In high school, Clif had taken wood shop all four years. He developed into a prolific furniture and cabinet maker. The wood shop also had an old South Bend lathe. Clif took an interest in learning to run the lathe, but instruction was limited. In order to feed his hunger for machining knowledge, Clif began hanging around the local machine shop, watching the machinist ply his trade.

Clif also got his hands on the shop course textbook, which had a section devoted to greensand metal casting. Again, no training was available. When Clif graduated, he bought a copy of the textbook with the hope of someday learning to cast metal. Shortly after he began working in the utility company shop, Clif bought an old South Bend lathe.

Unfortunately, the old lathe had been in a garage fire, so it was covered with tar from the melted roofing (and had sat outside for a number of years). Even so, it was a great find at $100. Once it was cleaned up, repaired, and painted, the 1935 lathe marked the beginning of 35 years of machine tool self-education.

Accessories were purchased bit by bit, and through trial and error, Clif began to develop the skills of a machinist. The progression went from lathe to milling machine attachment for the lathe, to table top milling machine, to floor model milling machine, to a modern lathe and a surface grinder.

Clif’s well-equipped home workshop.
Another look inside Clif's workshop.

Clif’s well-equipped home workshop.

Over time, Clif’s skills were developed through a number of hobbies, including building black powder guns, rubber band airplanes, plaster craft, carpentry and blacksmith projects. At about 30 years old, Clif began collecting and rebuilding antique gas engines, tractors, and machinery. He was also a very active member of the local steam threshing bee. 

During this period, Clif built an automobile using a horse-drawn buggy and a 1921 single-cylinder engine. He also restored an antique cable-drop well drilling machine, and attempted to drill a well on a piece of property he had purchased. Ultimately, the well project was abandoned after drilling 28 feet, but that’s another story. After filling three buildings with his restored items, Clif realized that as he grew older he would not be able to move and display them. Naturally, an auction soon followed.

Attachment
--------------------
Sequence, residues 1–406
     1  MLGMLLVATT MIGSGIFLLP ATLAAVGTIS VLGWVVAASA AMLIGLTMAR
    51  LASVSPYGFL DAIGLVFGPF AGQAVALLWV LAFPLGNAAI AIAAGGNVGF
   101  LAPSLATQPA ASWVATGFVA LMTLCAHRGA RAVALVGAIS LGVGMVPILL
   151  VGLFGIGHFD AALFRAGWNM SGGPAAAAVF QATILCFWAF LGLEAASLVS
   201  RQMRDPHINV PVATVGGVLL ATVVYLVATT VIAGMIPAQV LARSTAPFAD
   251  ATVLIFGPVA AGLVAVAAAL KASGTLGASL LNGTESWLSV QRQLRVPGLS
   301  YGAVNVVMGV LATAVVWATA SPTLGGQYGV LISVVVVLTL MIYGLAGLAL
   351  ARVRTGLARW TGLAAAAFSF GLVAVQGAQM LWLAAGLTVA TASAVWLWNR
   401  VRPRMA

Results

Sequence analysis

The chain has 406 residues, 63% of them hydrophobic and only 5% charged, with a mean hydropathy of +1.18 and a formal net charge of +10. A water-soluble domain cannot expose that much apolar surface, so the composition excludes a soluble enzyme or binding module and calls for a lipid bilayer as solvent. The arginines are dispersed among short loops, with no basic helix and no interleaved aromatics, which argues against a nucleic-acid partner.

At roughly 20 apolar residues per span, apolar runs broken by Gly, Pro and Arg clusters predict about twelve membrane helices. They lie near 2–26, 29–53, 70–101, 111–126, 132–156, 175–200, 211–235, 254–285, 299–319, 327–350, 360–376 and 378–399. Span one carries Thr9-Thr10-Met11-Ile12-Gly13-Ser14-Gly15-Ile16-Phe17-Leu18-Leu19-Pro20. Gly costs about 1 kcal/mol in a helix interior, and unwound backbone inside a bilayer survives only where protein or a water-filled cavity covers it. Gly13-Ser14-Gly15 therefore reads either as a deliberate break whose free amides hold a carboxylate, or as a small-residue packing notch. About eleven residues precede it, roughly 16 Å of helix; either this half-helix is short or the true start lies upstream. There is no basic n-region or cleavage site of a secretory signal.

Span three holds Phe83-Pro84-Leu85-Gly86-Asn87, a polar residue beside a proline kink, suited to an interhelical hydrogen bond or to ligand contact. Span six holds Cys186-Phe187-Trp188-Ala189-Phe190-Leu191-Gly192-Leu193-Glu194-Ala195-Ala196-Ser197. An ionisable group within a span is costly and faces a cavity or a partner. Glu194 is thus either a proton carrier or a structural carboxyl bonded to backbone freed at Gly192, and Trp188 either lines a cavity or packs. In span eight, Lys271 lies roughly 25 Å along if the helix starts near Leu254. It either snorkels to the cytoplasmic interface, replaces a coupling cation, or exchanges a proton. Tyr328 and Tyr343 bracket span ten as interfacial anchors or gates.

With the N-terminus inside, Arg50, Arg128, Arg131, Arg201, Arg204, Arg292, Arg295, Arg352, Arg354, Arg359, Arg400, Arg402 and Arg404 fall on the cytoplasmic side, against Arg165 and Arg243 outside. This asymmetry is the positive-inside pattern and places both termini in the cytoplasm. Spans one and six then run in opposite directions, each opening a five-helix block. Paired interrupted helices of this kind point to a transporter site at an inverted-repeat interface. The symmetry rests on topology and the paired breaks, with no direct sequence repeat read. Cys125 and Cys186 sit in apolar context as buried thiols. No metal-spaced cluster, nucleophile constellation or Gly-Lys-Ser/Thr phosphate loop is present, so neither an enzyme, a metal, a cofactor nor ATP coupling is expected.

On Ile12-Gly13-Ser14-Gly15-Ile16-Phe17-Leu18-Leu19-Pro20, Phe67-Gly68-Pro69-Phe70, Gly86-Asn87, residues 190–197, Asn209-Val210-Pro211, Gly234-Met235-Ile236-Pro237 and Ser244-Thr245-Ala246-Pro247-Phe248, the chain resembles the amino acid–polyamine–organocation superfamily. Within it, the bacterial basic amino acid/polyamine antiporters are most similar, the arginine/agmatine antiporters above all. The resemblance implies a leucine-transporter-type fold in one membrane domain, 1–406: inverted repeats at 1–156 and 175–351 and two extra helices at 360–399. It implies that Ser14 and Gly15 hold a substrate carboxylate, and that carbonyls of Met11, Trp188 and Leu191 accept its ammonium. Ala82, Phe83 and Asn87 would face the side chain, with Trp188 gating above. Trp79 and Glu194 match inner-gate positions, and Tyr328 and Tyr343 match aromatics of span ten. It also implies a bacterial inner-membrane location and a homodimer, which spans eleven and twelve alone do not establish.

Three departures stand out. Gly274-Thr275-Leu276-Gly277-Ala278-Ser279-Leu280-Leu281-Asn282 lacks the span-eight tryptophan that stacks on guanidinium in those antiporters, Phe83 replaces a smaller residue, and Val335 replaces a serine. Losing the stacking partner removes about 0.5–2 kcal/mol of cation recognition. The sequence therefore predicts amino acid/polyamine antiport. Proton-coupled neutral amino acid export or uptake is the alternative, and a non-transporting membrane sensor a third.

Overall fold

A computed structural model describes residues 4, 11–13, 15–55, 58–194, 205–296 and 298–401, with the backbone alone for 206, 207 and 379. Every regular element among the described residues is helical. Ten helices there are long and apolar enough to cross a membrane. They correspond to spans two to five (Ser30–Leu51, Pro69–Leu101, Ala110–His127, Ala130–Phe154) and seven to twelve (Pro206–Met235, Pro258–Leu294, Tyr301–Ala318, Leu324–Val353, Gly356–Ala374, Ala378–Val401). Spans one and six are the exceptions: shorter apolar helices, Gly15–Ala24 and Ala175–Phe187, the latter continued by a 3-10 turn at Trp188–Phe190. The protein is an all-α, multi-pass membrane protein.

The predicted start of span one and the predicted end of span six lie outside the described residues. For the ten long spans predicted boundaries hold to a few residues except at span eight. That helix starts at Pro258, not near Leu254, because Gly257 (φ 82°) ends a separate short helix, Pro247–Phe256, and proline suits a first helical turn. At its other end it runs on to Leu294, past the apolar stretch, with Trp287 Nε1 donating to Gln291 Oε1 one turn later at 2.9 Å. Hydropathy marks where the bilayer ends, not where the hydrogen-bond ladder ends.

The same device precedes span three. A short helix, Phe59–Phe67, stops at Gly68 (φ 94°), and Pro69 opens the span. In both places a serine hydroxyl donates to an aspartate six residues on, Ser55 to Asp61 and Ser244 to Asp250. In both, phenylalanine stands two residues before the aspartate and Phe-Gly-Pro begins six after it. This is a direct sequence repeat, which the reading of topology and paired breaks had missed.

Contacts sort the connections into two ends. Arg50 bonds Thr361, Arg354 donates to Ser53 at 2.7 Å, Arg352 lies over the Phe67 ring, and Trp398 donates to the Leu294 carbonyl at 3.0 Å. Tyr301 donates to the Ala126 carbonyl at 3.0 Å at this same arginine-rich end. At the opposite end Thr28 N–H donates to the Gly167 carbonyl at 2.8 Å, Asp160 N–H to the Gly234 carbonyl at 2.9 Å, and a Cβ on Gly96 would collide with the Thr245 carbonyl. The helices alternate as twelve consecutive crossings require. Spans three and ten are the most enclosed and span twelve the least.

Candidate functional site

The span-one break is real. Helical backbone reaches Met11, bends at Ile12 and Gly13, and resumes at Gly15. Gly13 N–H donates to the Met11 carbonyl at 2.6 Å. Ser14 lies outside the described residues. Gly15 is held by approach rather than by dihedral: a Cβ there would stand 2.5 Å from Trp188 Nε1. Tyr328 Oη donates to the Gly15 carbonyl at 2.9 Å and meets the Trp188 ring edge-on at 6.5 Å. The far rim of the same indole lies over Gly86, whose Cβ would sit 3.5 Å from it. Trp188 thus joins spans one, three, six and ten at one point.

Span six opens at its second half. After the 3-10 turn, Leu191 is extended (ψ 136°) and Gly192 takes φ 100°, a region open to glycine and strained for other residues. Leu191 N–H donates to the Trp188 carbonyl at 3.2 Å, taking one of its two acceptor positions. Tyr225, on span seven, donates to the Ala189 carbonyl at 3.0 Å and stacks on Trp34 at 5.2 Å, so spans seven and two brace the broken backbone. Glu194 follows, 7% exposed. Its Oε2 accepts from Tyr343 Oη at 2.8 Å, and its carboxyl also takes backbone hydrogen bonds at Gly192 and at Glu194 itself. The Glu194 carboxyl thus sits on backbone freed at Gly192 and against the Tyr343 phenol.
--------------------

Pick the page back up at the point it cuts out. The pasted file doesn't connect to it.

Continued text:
Around 1995, Clif became a member of the board of directors for a newly formed local blacksmith club. While working with the club members and building a gas fired blacksmith forge, Clif recalled his high school desire to cast metal. A search for his old high school shop textbook was successful, and thus began Clif’s metal casting development. 

The blacksmith forge gave way to a newly constructed gas fired metal foundry. With the purchase of a good library on sand casting and pattern making, a number of new projects were completed. The high point of the period was the development of a 1/2 scale model of a four horsepower, side valve Witte hopper cooled engine. The Witte was patterned, cast and machined by Clif.

Clif's scale model 1904 Holt #77 steam tractor.

This 1904 Holt #77 steam tractor was originally built by the Holt Manufacturing Company of Stockton, CA. Clif built his scale model in 2015, using photos of the original tractor.

Midwest Model Builders Club

In the mid 1990’s, Clif decided to try to form a club of hobbyists with similar interests. As a result, the Midwest Model Builders Club was organized, and members started to meet on a quarterly basis. The focus of the club is to provide a network where craftsmen can interact and share their knowledge with others.

After attending a model show in Detroit, Clif decided to see if he could get a model engineering show started in western South Dakota. The effort was successful, and the Black Hills Model Engineering Show has been held annually since 2001.

With years of experience, Clif has developed the skills to work with both wood and metal. The majority of his projects have been based on castings and plans purchased from others. Some of Clif’s projects have been built from an idea, planned in his head, and usually executed without drawings. 

One example is his model Avery steam tractor. Clif got to work around a full-size Avery while he was a member of the steam threshing club. After eleven years of examining pictures and planning the project in his head, Clif began building the tractor.

Clif's 1/4 scale 1899 Camelback drill press.

Clif’s 1/4 scale 1899 Camelback drill press. The name refers to the peculiar humped cast iron center frame on which the main shaft, pulleys, and gearing were built up. The Camelback has the most distinctive appearance of any drill press ever manufactured. This is an antique style that was made at the end of the 19th century, but lasted well into the 20th century. In fact, they were still being made up until the 1970’s. Today, these antique style drills are often found for sale when older welding and blacksmith shops go up for auction. Some people are skeptical of these old drills—often mistakenly believing that they don’t work simply because they don’t look modern. But to those who use them, these old style drills are very practical, and highly desirable for nearly every drilling job.

Clif’s Avery steam tractor project was completed in five months. He noted that as he builds, he has a constant goal of improving his skills. While working full-time, Clif still devoted 20-30 hours per week to model building. Having finally retired, he has more than enough projects waiting in boxes—or in his head—to keep busy for a few lifetimes.

View more photos of Clif Roemmich’s model engineering.

Artisan added: October 29, 2003 - Last modified: February 14, 2022

Presented by The Joe Martin Foundation for Exceptional Craftsmanship